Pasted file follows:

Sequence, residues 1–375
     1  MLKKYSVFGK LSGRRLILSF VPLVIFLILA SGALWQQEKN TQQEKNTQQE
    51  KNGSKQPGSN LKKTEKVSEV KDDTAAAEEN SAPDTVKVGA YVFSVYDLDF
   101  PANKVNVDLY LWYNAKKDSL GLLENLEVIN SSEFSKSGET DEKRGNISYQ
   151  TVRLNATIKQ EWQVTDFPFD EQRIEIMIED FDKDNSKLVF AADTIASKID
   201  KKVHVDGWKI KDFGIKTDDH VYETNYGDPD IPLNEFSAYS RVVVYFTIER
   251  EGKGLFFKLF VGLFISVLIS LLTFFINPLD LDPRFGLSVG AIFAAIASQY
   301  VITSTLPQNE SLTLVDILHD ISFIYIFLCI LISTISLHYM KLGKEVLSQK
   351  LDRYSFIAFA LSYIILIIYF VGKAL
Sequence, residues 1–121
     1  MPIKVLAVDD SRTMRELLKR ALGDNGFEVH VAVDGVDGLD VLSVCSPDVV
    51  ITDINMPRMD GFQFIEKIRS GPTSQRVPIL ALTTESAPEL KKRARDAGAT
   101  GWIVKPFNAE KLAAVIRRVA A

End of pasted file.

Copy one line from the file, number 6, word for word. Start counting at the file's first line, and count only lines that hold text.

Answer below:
   201  KKVHVDGWKI KDFGIKTDDH VYETNYGDPD IPLNEFSAYS RVVVYFTIER